Being the Light

Fifth Sunday after Epiphany, (Year A),  February 9, 2014

 Isaiah 58:1-12, Psalm 112, 1 Corinthians 2:1-16, Matthew 5:13-20

Preached by Pastor Anna C. Haugen, Augustana and Birka Lutheran Churches, Underwood, ND

 May the words of my mouth, and the meditations of my heart, be acceptable in your sight, my rock and my redeemer.

Grace and peace to you from God our Father, and the Lord Jesus Christ.

Jesus said, “You are the salt of the earth.”  And later, “You are the light of the world.”  They’re very pretty sayings, two of Jesus’ most often-quoted verses.  But I don’t think we really get what Jesus is saying.  How often do we really think about light, or salt?  Light and salt are too common, in our world.  They’re too easy to get, too easy to control, and too cheap.  If we want salt, we can always get some from the grocery store.  And we can get hundreds of other food flavorings and spices, too, both natural and artificial.  Anything we want, any time we want.  And when was the last time you salted something to preserve it?  Nowadays, we can or freeze most things.  There are easier and cheaper ways to preserve food.  Salt is everywhere, but we take it for granted.

In Jesus day, that wasn’t the case.  Salt was incredibly important.  There weren’t many other spices available, and most of them were so expensive that only the rich could afford them.  Salt wasn’t cheap, but ordinary people could afford it.  They had to; you’ll die if you don’t get enough salt.  You know all those sports drinks that advertise they have electrolytes?  Electrolytes are basically just salt dissolved in water.  And if you wanted to preserve food for later, well, you had two choices: you could salt it or you could dry it.  Salt was a daily necessity.  And, when used as a seasoning, it was a tiny luxury, too.

But you know, the thing about salt is that it seasons food differently than any other flavoring.  Most flavorings work by adding their own flavor to something.  And, if you add a lot of salt, that happens.  But if you add just a little, what happens is something different.  The flavor of the food itself becomes deeper, richer.  Tastier.  In other words, salt helps whatever it’s added to become more like itself.  Which is, when you think about it, kind of like what Jesus does: Jesus was sent to save the world from sin, to help break the chains of brokenness and death so that God’s good creation might be born again.  God created the world to be good.  When God created humans, the first thing God did was say that we were “very good.”  That’s the core of who we are.  That’s the essence of our being, but it’s been marred by sin and brokenness.  By saving us, Jesus helps us be reborn as children of God.  Jesus helps us become the people we were always meant to be, just like a dash of salt helps the flavors of a piece of food be more intense.  And Jesus wants us to be salt for the world.  Jesus wants us to be out there participating in God’s work in the world, by being salt: helping God’s good creation shine through, even in the midst of its brokenness.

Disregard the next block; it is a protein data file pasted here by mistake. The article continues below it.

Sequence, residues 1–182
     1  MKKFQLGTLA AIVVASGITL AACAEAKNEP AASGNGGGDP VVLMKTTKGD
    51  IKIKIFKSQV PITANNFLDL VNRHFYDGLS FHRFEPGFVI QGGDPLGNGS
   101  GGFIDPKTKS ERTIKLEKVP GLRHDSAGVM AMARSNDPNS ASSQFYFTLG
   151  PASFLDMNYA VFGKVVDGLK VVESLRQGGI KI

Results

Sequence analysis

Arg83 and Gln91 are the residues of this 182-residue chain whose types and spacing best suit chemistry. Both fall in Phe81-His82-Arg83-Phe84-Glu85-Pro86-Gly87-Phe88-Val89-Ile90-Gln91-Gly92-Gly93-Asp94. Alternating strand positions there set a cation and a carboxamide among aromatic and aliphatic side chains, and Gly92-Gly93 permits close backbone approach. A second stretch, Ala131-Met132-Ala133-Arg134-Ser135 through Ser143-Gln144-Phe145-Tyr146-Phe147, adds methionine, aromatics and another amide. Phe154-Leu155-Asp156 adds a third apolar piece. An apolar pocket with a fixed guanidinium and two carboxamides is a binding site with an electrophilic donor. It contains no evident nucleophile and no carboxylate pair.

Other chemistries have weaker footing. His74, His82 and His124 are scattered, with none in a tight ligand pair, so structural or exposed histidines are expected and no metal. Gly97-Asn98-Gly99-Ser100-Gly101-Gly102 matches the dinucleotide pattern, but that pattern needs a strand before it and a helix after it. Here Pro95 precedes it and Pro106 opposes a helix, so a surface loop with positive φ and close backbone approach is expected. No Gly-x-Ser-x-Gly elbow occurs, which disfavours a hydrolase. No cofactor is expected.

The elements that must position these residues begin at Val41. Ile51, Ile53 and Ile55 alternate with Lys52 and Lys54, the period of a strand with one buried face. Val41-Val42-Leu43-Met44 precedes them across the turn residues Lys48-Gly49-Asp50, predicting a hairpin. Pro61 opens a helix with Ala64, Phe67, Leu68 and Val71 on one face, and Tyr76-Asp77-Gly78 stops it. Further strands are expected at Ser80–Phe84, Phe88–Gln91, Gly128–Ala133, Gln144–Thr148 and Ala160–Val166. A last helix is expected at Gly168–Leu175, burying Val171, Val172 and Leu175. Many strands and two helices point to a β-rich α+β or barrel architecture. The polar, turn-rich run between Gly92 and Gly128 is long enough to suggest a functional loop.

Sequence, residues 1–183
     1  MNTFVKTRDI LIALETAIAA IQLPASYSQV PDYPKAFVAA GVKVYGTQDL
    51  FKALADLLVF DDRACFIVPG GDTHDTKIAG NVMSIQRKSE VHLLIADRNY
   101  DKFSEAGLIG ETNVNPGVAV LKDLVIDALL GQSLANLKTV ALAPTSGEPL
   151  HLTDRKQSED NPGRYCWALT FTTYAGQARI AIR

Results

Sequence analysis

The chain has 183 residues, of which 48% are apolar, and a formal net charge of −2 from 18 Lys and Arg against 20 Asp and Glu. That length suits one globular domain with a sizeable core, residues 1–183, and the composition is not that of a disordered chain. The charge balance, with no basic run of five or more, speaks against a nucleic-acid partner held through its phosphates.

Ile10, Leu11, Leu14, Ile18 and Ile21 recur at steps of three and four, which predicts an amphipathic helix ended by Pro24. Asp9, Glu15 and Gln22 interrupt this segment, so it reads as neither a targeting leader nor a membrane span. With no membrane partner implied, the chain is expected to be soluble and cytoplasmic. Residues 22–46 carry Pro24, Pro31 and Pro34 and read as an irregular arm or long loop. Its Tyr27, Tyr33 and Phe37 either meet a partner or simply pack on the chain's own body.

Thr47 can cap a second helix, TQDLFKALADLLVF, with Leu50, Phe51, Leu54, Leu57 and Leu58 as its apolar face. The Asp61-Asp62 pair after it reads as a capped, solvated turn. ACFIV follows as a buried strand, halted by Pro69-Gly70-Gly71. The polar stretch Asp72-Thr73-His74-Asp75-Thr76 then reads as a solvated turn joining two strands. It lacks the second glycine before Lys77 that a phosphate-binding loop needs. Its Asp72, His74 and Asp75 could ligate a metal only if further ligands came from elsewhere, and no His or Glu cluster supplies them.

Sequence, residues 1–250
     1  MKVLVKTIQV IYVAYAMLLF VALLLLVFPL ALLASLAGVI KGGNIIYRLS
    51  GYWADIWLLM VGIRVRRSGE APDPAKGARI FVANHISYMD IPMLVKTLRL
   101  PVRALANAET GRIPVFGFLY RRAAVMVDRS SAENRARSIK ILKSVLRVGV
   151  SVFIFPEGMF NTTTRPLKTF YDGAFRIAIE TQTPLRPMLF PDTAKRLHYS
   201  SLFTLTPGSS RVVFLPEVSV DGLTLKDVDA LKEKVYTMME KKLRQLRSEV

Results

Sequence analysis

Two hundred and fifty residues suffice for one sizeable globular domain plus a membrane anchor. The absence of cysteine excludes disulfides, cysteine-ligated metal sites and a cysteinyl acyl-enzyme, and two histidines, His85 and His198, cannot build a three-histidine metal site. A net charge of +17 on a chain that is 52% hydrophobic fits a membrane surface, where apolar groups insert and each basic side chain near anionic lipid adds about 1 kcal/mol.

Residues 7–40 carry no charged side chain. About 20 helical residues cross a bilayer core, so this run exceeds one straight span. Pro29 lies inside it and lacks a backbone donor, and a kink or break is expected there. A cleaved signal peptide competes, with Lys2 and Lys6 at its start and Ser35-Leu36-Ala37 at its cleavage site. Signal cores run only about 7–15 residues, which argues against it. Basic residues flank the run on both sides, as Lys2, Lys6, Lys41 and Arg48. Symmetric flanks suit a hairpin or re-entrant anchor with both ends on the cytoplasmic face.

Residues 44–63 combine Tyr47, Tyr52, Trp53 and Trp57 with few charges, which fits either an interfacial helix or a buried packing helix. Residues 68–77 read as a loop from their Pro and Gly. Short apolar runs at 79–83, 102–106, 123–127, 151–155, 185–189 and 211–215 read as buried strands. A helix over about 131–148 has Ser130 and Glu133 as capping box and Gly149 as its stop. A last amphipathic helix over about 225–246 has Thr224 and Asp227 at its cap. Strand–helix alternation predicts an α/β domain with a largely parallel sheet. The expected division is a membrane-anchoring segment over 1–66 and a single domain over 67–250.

Jesus said “You are the light of the world,” but most of us don’t understand light any more, either.  If it’s getting dark, we can just flip a switch and have it be as bright as day.  When I wake up in the middle of the night, it’s never completely dark.  Because, of course, I have night-lights scattered throughout the house, so that if I have to get up I’ll be able to see enough to go get myself a glass of water or whatever I need.  If I need to do something in a cramped space where there isn’t enough light, I can grab a flashlight.  And if I’m walking from the church to the parsonage after dark, there’s a streetlight on the corner, and floodlights on a motion sensor at both the church, so that the lights come on as I get close.

I never have to be in the dark if I don’t want to—in fact, I’d have to actively try to escape light.  In cities, there is so much light that astronomers talk about “light pollution,” which means that the lights are so bright you can’t see the stars very well.  When I was a kid, my Dad and I built our own telescope one summer, ground the mirrors and everything.  For years after that, our family would take a vacation and go camp out with other astronomers to watch the stars.  Because there is so much artificial light, these star parties took place in the middle of nowhere, on a mountain in the Oregon desert, hours away from the nearest town.  To see the gift of light given by God, we had to go away from all the artificial light and focus on the light given by God.